Members who had no pharmacy copayment increase for 2 full calendar years from January 2001 through December 2002 served as study control subjects, compared with members who had a pharmacy copayment increase in year 2 (January 2002 through December 2002). For the purposes of this study, we defined BDC as a copayment increase in the second or third tier of $5 or greater or as a change from a flat copayment to a percentage coinsurance. The general strategy for employer groups was to raise the incentive to use generic medications and formulary brands by increasing the copayment differential between generics and tier 1, between formulary brands and tier 2, and between nonformulary brands and tier 3 by increasing the tier 2 copayment or tier 3 copayment or both.
Data were analyzed using Intercooled STATA 8.0 for Windows (StataCorp LP, College Station, Tex). All statistical tests were conducted at α = .05. Descriptive statistics were computed where appropriate. Effects of pharmacy BDC on prescription switching and discontinuation behavior, compliance, and total healthcare costs were analyzed. An overall χ2 test was conducted, followed by post hoc tests to determine which stratum was significantly different between the copayment increase group and the control group.
Because of the skewed nature of medical care costs and MPRs, the differences between 2001 and 2002 medical care costs and MPRs were used as dependent variables. The differences in costs and MPRs demonstrated a gaussianlike distribution. Analysis of covariance was used to determine the effect of BDC on the differences in costs and MPRs after adjusting for age and sex. The main effect was the study group.
The health plans for 672 IHC employer groups were analyzed. Of those, 228 plans representing 56 690 continuously enrolled members (71.6%) had no change in pharmacy benefit structure between 2001 and 2002, and 444 plans representing 22 463 continuously enrolled members (28.4%) had a change in pharmacy benefit structure between 2001 and 2002. Patients with hypertension, allergic rhinitis, and osteoarthritis were identified by International Classification of Diseases, Ninth Revision codes in addition to drugs by therapeutic class. or patients with use of medications to treat allergic rhinitis, 26% had an International Classification of Diseases, Ninth Revision code; the percentages with codes were 8% for hypertension and 14% for osteoarthritis. The study sample that met the inclusion criteria totaled 7939. Of this study population, 1580 were classified as having allergic rhinitis, 1149 had asthma, 1490 had diabetes mellitus, 3569 had hypertension, and 1060 had osteoarthritis (Figure). Subjects who were treated for 2 or more diseases of interest (n = 909) were categorized into more than 1 disease condition for analysis.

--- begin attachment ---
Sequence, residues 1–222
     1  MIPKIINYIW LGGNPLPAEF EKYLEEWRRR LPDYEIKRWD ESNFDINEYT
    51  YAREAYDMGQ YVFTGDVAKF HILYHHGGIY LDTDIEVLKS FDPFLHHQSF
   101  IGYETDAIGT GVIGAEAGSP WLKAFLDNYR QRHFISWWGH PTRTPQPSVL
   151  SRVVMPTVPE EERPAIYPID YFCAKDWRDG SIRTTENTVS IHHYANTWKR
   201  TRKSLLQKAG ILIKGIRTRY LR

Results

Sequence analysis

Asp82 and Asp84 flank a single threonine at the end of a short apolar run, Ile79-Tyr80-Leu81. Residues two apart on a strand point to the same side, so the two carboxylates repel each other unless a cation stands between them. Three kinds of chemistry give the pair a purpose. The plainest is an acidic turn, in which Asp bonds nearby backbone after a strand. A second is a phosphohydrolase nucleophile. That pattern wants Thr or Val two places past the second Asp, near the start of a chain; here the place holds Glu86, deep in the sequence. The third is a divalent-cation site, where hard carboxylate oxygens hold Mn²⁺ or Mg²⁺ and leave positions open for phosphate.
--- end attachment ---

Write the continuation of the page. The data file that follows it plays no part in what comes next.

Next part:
In the allergic rhinitis and asthma groups from 2001 to 2002, there were statistically significant decreases in pharmacy costs in the BDC group of $95 (P = .03) and $269 (P < .001) per patient per year, respectively (Table 3). In the hypertension and osteoarthritisgroups, the decreases were $180 and $305, respectively (P < .001 for both). Pharmacy
We thank Joseph Biskupiak, PhD, and Carrie McAdam Marx, MS, for their valuable advice and support throughout this study, as well as Barbara Larney Roper for her editorial ssistance.
Author Affiliations: From the Department of Pharmacotherapy, College of Pharmacy, University of Utah (DIB, GMO), Intermountain Healthcare (DMH), and SelectHealth (HEC), Salt Lake City; Sanofi Aventis, Bridgewater, NJ (VNJ); and PartnersRx, Scottsdale, Ariz (SGA). Funding Source: This study was supported in part by a research grant from the Foundation for Managed Care Pharmacy. This study was presented in part at the 16th Annual Meeting & Showcase of the Academy of Managed Care Pharmacy; April 2, 2004; San Francisco, Calif.
Correspondence Author: Diana I. Brixner, PhD, RPh, Department of Pharmacotherapy, College of Pharmacy, University of Utah, 421 Wakara Wy, Rm 208, Salt Lake City, UT 84108. E-mail: firstname.lastname@example.org.
Author Disclosure: The authors (DIB, HEC, VNJ, GMO, SGA, DMH) report no relationship or financial interest with any entity that would pose a conflict of interest with the subject matter discussed in this manuscript.
Authorship Information: Concept and design (DIB, VNJ, GMO, SGA, DMH); acquisition of data (SGA, DMH); analysis and interpretation of data (DIB, VNJ, SGA, DMH); drafting of the manuscript (DIB, GMO, SGA, DMH); critical revision of the manuscript for important intellectual content (DIB, GMO); statistical analysis (VNJ); obtaining funding (DIB, SGA); administrative, technical, or logical support (DIB, GMO); supervision (DIB, GMO).